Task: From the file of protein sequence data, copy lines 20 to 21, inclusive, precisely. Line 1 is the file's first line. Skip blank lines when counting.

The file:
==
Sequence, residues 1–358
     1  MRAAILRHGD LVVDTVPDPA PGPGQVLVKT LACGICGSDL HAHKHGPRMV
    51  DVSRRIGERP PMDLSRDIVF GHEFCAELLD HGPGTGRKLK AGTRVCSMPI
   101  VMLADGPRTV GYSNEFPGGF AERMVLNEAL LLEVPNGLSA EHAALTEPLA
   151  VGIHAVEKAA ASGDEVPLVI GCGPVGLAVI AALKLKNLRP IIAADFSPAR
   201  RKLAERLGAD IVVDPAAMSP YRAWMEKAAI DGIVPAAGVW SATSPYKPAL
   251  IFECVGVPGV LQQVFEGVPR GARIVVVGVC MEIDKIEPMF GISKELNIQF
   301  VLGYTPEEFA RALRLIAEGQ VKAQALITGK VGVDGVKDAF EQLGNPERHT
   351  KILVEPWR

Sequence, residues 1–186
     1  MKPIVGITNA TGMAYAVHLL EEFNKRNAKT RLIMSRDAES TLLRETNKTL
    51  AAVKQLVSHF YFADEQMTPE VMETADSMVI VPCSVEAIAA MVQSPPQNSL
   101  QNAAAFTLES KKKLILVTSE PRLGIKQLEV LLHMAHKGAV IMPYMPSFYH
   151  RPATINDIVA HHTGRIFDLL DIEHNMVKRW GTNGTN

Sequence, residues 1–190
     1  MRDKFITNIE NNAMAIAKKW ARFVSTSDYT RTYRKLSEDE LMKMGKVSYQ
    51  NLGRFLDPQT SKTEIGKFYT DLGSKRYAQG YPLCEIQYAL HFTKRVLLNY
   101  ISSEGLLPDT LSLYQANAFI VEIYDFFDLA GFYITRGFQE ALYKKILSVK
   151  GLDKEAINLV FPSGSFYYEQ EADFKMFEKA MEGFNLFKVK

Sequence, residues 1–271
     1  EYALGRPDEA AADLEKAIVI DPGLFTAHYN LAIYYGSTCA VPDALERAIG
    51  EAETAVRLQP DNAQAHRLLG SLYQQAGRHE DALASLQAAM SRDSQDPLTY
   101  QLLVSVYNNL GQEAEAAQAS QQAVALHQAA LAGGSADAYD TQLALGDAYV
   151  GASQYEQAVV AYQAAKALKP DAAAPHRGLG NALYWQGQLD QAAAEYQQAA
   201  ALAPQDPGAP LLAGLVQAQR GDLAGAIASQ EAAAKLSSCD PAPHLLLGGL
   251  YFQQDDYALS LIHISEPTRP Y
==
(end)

Sequence, residues 1–271
     1  EYALGRPDEA AADLEKAIVI DPGLFTAHYN LAIYYGSTCA VPDALERAIG